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Making money: Advice on giving your teen a credit card, and more
3 top pieces of financial advice — from shopping for retail stocks to passing on price-matching
 
It only takes a few swipes of the plastic before teen spending can get out of hand. 
It only takes a few swipes of the plastic before teen spending can get out of hand.  ThinkStock/Digital Vision

Take a pass on price matching 
Price-matching programs for holiday gifts generally aren't worth the hassle, said Beth Pinsker Gladstone at Reuters. This season, a number of big retailers and payment processors, including Amazon, Best Buy, and PayPal, are offering price-matching guarantees, which allow customers to get a refund, typically within 30 days, if the price of an earlier purchase falls or is lower elsewhere. But while the policy is a "nice public-relations feature," the process "is often too onerous to make it worth a consumer's time." The trouble is the fine print. PayPal's price-matching promotion, which applies to purchases made through Dec. 31, excludes "closeouts, doorbusters, one-day sales, jewelry, perishables, boats, animals, and a host of other items." Different retailers also have different restrictions on what is needed to qualify, whether it's a print ad or an online screenshot. "Price matching is a wonderful deal," said analyst Michael Pachter, "but most of us are too lazy to deal with it."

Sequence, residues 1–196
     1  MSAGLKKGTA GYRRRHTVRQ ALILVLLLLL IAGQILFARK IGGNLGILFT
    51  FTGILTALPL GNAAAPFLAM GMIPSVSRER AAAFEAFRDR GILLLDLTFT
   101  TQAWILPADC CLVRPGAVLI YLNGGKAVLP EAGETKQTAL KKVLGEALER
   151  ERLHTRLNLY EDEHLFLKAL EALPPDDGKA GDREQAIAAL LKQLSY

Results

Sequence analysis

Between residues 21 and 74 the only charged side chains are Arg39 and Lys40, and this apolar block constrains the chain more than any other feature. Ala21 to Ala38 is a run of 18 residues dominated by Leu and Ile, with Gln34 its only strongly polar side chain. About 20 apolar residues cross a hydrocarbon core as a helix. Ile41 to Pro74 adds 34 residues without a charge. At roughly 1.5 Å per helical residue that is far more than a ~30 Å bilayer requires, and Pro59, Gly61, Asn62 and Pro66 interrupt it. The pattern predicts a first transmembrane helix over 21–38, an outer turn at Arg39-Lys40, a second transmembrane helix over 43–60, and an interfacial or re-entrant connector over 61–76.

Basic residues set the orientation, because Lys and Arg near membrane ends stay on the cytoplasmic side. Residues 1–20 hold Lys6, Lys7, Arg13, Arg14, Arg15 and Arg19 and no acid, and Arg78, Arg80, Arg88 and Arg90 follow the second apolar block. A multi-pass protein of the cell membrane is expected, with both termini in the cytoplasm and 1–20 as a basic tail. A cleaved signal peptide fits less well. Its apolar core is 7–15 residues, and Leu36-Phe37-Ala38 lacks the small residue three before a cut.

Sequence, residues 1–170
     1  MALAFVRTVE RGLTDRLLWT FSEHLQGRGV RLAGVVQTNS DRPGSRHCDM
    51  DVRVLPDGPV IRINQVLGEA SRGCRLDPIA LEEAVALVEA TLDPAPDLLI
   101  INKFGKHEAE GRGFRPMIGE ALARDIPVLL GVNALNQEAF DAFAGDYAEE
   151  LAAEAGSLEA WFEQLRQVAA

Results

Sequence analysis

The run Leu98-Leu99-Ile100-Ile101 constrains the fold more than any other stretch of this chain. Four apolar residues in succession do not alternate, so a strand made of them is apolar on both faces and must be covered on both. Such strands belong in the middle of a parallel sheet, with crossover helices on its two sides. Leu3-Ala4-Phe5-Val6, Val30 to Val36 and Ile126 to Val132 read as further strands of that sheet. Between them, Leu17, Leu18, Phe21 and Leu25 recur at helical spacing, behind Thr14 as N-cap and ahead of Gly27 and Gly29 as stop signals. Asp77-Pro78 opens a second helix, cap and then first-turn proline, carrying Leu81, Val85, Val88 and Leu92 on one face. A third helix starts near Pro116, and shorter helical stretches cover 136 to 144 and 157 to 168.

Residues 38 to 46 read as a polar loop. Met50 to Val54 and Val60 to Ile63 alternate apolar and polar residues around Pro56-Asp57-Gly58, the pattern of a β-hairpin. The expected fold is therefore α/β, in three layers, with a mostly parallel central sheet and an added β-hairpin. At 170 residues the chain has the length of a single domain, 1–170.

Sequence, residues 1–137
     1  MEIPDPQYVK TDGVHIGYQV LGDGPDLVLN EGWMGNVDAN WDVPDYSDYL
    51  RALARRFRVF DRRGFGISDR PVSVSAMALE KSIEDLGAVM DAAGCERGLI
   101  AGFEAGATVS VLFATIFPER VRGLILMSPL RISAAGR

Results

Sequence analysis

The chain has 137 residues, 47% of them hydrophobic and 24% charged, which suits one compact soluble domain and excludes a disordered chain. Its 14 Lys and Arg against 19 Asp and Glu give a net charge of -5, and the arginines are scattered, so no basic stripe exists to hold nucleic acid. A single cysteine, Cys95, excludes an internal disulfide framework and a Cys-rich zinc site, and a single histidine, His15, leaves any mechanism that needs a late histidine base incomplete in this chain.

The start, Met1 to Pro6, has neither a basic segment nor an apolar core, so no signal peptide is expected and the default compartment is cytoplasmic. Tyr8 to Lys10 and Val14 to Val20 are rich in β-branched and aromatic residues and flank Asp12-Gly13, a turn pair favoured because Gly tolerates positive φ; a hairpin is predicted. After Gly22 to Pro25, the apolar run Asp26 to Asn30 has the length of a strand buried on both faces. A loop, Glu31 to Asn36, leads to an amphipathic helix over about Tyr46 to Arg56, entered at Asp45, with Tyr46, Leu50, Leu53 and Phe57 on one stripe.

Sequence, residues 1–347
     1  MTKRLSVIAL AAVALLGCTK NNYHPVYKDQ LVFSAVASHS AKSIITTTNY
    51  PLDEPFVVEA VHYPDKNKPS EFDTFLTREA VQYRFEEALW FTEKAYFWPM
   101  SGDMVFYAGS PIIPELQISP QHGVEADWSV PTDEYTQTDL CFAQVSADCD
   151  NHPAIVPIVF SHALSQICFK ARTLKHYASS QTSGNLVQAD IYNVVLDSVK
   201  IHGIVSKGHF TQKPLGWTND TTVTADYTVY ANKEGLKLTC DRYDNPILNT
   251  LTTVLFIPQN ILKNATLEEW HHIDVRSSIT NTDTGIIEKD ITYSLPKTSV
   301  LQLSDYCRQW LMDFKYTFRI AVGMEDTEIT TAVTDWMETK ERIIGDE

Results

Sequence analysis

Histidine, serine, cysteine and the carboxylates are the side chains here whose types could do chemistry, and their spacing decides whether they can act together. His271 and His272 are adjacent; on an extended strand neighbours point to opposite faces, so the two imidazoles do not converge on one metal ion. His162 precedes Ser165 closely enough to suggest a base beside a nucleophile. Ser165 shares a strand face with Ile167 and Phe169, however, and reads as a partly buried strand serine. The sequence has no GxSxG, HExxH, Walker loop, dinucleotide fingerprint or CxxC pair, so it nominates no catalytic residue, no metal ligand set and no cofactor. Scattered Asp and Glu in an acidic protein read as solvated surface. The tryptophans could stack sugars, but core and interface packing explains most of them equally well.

Giving your teen a credit card
If you think your teen is ready for a credit card, there are a few ways to keep his spending from spiraling out of control, said Scott J. Wilson in the Los Angeles Times. The National Foundation for Credit Counseling recommends linking your teen's card to your own, so you can monitor activity. Once a month, sit down and go over the bill together, and make sure to detail how much interest can accrue if the bill is not paid off. Finally, "resist the urge to bail out teenagers who spend too much." Counsel them on their options for repayment, whether it's getting a job or cutting back on spending, and consider calling a credit counselor if necessary. 

Shopping for retail stocks
Holiday shopping is the perfect opportunity to scout retail stocks, said Jeff Macke at Yahoo. Keep an eye out for good customer service, which tends to indicate a well-run company. The "important point here is expectations." The standard at Walmart may be different than at Saks Fifth Avenue, but a good company will always slightly exceed expectations. Smart companies also work hard at luring customers back for repeat visits. Look for stores that hand out coupons and discount cards. Finally, compare the store experience to the retailer's website. "A company firing on all cylinders will have the same prices, offerings, and general 'feel' on their website as they do at their stores."

 

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